design includes not merely what is necessary for music of classical
composers but also satisfies the needs of the romantic repertoire
and music associated with all periods of the Anglican tradition.
The stop list includes string tones as well as that sound so
characteristic of the English organ, the full swell; all this
done with 34 stops!
Did anything distract you?
A determined vociferous baby decided to compete with the preacher
so it was very difficult to follow his sermon.
Was the worship stiff-upper-lip, happy clappy, or
It was fairly high church but certainly not Anglo-Catholic.
The crucifer led the opening procession but there was no thurifer;
in fact, incense was not used at all during the service. The
robed choir consisted of a large number of adults and youngsters,
and the fully vested clergy in white albs and purple chasubles
followed them. During the service, which followed Common Worship
Order One in modern language, there was bowing, crossing and
genuflecting at appropriate times.
Exactly how long was the sermon?
On a scale of 1-10, how good was the preacher?
4 He had a Scottish accent and had to compete with a highly vocal baby so it was often extremely difficult to make out what he was saying. Also he came to a very abrupt halt after saying something that I just couldnít make head nor tail of.
In a nutshell, what was the sermon
He referred to the gospel reading as one to make us sit up.
It was Johnís account of Jesus being angry in the temple, because
it was being used as a place to sell animals and also money
changers were dealing there. Jesus identified himself as the
temple when he spoke about being risen from the dead. He then
went on to meditate about the middle period of Lent. We start
off exercising self-control by giving up small luxuries, but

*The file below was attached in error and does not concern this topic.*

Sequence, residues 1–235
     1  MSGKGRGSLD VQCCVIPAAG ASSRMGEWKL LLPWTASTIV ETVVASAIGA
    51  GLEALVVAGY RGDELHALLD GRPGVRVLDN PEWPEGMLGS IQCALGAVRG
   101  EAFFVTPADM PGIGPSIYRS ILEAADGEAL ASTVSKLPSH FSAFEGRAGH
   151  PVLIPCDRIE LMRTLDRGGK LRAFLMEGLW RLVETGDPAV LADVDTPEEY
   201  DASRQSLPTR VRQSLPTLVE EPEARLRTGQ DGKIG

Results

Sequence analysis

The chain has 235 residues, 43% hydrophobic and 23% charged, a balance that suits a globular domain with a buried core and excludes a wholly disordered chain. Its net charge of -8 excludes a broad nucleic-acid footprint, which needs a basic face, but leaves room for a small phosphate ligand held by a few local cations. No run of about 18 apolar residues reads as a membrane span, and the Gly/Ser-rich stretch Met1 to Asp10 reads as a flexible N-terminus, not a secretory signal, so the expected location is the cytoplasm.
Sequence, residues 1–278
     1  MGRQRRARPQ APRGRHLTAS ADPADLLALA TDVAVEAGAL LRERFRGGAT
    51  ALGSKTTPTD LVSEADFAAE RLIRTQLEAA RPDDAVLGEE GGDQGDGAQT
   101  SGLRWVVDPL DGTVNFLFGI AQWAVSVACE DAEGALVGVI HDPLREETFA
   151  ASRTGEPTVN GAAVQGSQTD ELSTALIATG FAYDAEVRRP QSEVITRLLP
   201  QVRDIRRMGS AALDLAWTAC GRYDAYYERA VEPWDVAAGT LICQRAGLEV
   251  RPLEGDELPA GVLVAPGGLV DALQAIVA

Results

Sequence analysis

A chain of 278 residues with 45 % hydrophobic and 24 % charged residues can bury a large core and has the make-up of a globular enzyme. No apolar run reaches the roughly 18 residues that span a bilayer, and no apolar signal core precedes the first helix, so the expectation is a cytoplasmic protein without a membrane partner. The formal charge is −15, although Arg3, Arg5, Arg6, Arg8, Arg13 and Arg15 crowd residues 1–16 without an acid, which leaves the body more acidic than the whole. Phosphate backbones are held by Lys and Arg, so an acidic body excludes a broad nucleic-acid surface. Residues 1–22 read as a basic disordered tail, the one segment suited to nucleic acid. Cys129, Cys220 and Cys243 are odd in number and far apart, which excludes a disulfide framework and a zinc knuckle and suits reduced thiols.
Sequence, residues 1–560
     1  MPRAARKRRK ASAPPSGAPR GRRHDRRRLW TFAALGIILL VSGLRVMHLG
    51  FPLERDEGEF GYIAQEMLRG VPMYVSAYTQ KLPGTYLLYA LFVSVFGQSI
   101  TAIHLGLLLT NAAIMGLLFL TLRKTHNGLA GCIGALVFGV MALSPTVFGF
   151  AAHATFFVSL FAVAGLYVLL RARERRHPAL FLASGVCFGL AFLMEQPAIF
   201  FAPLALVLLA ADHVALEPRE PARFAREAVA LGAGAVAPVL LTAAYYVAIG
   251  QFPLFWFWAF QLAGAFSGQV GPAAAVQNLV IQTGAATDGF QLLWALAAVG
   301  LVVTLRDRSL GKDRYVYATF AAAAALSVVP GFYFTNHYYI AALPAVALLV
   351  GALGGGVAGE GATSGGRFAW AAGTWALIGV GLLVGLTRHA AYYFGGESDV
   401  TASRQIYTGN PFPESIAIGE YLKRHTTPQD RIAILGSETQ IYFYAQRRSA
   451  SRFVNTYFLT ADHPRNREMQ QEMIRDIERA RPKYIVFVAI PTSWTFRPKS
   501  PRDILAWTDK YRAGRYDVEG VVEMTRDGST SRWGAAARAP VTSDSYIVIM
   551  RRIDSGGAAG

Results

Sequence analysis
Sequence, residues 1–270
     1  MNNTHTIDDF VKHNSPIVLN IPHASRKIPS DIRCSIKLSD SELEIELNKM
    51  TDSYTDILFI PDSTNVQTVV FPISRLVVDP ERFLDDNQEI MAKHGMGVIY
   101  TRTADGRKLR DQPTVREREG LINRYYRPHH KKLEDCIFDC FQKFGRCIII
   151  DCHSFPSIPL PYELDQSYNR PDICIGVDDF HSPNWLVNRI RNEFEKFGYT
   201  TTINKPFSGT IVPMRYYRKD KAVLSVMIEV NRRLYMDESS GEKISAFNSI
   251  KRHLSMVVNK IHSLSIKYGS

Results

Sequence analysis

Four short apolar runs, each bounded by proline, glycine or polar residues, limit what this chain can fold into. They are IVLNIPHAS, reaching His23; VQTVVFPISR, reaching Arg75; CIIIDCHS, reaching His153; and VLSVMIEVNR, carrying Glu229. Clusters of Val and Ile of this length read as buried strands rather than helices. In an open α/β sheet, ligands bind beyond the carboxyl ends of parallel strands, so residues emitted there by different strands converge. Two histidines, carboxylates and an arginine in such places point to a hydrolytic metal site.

we end up relaxing into Lent. Self-denial can become a denial
of the truth of ourselves, and the whole purpose of life is
to become closer to God. Lent is not the great opportunity of
the year for self-denial; it is the great opportunity of the
year for honesty.
Which part of the service was like being in
I mentioned earlier that the congregation appeared to be mainly
elderly. Well, the children and their parents appeared at the
beginning of the service, following the procession of choir
and clergy. It was just like watching the Pied Piper of Hamlyn!
They just kept coming to the altar and surrounding it until
the whole area in and around the altar was packed with children
of all ages, some of whom were swinging from the altar rails!
After some dialogue between the priests and the children, they
departed to their Sunday schools. At the end of the service
they came back in and the president quizzed them about what
they had been learning, which turned out to be the commandments.
I thought it was lovely to see how very much the children were
involved in the church.
And which part was like being in... er... the other place?
There was a moment, I think it was just before the sermon, when
I could feel the hair on the back of my neck rising because
of the awful racket I could hear. It just sounded as if a rock
band had started up at hundreds of decibels and I even craned
my neck to see where the rock band was. On not locating any
rock band at all, I realised that the noise was in fact coming
from the organ. I donít know what the piece of music was but
it certainly petrified me! I must say, though, that I thoroughly
enjoyed the rest of the music played by a very masterful organist.
What happened when you hung around after the service looking lost?
Although we stayed for a while, I suspect we were taken for
tourists, which we were, so no one approached us.
How would you describe the after-service
We had received a very warm invitation to partake in refreshments after the service but were unable to stay because of another engagement.
How would you feel about making this church your regular (where 10 = ecstatic, 0 = terminal)?
8 If I lived here it would certainly be on my list.
Did the service make you feel glad to be a
What one thing will you remember about all this in seven days' time?
All those children! I donít think I have ever seen so many in a church.